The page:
The state of Canadian media was the topic of the night at a town hall convened by Toronto-Danforth MP Julie Dabrusin on March 2.
Dabrusin convened the public meeting at Don Mills United Church, on O’Connor Drive at Pape avenue, on March 2.
Some East Yorkers who work in media were invited to attend the meeting and offer their insight, much like a focus group. Dabrusin, a member of the parliamentary heritage committee, wanted their feedback on the state of their individual crafts and industries — and their connection with Canada’s social diversity. She said she was hoping to canvass ideas about how to move Canadian media forward.
“Things are changing,” Dabrusin said, “but how do we foster and promote good change?”
One issue that was seemed to be important to those attending is recent cuts to government funding for the CBC. Several attendees said that the CBC is the epicentre of Canadian culture and identity, and it deserves to be protected and promoted — and not treated like a private broadcaster.
But those private broadcasters are also an issue for some at the meeting. They said there is too much concentration of ownership of Canadian media in the hands of mega-companies like Rogers. And they expressed disdain at job cuts in the private sector — like Rogers’ recent announcement of 200 layoffs in its television, radio and publishing divisions.
Many applauded the explosion of digital media, and what they said is the online media’s ability to improve the quality of life for Canadians. But others worried about the digital downside. They were concerned that digital media are making it harder for newspapers such as the Toronto Star and the Globe and Mail to stay in the game. The consensus among the group was that there are certain traditional media, like the city’s daily newspapers, that are key to Toronto’s identity.
Dabrusin also raised the issue of accessibility to media, new media and the Internet. It was easily agreed that not every Canadian city enjoys the concentration of media that Toronto does. But beyond that, the group suggested that Canadian media reflect Canada’s urban population far more than its rural residents. They also pointed out that high-speed Internet is still not available in many less-populous regions — even though everyone agreed that it is a necessity now more than ever.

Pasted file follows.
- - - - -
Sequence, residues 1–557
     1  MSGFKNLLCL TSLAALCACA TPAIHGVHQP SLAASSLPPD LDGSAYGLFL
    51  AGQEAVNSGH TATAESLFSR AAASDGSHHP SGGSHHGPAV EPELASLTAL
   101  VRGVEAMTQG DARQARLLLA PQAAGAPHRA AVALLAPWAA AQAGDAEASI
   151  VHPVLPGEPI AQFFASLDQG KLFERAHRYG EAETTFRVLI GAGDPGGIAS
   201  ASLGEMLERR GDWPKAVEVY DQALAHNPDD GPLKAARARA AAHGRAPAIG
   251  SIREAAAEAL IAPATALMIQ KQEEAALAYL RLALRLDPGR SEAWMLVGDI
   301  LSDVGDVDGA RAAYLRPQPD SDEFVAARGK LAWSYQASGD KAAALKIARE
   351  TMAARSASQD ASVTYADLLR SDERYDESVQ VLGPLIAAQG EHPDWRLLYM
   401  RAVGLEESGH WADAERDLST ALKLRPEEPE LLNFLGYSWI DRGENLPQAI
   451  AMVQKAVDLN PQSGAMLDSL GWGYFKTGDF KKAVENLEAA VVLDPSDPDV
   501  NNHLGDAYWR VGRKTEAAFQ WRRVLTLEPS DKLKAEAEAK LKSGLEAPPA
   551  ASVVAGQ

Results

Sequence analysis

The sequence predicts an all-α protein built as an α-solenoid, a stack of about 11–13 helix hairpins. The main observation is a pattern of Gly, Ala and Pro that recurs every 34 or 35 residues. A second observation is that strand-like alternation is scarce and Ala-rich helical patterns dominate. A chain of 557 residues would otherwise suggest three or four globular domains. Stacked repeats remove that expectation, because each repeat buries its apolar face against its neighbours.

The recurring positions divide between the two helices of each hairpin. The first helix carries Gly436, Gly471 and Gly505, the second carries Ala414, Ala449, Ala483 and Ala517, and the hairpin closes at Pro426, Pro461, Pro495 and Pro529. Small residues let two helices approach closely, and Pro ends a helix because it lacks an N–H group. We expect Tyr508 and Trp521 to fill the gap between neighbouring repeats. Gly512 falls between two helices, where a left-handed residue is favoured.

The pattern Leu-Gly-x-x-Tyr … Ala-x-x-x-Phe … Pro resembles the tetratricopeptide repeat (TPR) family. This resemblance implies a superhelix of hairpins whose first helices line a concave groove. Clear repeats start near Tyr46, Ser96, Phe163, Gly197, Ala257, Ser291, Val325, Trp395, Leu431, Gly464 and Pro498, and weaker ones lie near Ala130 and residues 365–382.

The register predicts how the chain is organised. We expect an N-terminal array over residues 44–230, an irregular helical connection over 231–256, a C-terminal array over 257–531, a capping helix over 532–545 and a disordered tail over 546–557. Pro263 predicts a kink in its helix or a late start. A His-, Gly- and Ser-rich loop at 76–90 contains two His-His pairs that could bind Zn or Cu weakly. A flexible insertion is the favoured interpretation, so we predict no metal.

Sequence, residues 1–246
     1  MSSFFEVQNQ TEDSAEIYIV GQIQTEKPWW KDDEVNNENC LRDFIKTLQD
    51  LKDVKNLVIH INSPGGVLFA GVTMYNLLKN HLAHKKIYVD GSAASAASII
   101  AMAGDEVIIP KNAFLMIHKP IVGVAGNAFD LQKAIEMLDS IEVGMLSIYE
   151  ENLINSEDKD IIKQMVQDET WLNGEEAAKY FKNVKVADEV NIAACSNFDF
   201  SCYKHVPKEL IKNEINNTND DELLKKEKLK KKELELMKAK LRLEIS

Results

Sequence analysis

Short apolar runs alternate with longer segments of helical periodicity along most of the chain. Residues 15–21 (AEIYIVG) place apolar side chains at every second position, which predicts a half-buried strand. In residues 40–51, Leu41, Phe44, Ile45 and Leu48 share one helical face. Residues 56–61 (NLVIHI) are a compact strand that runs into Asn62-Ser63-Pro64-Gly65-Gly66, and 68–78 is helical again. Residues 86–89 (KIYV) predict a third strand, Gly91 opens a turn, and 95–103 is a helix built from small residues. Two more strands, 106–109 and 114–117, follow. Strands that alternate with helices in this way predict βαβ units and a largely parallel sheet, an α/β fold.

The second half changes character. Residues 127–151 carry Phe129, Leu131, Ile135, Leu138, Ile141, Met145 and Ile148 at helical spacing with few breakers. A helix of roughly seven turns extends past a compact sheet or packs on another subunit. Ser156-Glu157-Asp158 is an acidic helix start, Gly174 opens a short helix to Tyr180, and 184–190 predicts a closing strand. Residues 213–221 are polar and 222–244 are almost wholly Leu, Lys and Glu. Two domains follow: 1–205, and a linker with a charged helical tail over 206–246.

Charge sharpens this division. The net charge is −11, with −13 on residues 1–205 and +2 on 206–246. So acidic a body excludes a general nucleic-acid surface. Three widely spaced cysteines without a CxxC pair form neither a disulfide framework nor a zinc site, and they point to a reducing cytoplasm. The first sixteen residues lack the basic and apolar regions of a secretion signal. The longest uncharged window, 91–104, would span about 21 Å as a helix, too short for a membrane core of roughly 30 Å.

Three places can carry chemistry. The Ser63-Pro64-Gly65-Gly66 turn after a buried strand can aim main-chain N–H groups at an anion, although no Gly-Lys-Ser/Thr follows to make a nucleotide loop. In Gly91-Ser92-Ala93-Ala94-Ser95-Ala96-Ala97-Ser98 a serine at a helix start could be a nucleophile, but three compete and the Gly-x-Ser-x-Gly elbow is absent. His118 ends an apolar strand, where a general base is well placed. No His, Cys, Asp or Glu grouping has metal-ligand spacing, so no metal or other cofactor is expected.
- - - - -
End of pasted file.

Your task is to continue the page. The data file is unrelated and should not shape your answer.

Another issue is the relationship between income and access to new media. Several speakers supported the view that lower income can be a barrier to media access. For instance, those with higher income are far more likely to own a smartphone and therefore have a greater access to the Internet, digital media and online news.
Local media were also on the agenda at the meeting.
“I would like to see hyper-local media to connect as a city,” said Dahne Jobson of East York. “What’s going on where I live, where I work, the ethnic community in my area? What’s important to individuals and important to the city?”
Others at the meeting said that local media are especially important in smaller, less urban communities outside Canada’s big cities; that they’re necessary for balanced representation of the Canadian people as a whole. And balanced representation of Canadians also includes the indigenous population of Canada.
“Aboriginals fall into the disadvantaged community,” said David Creelman of East York. “I hope to see specific Aboriginal representation.” Creelman also expressed the importance of more widespread Internet access.
“Internet is a necessity for everyone,” he said. “It’s a different world now.”
Dabrusin said that indigenous voices are an important source of input for the heritage committee. For instance, she said, a group from the Aboriginal Peoples Television Network is scheduled to testify before the committee about media in Canada.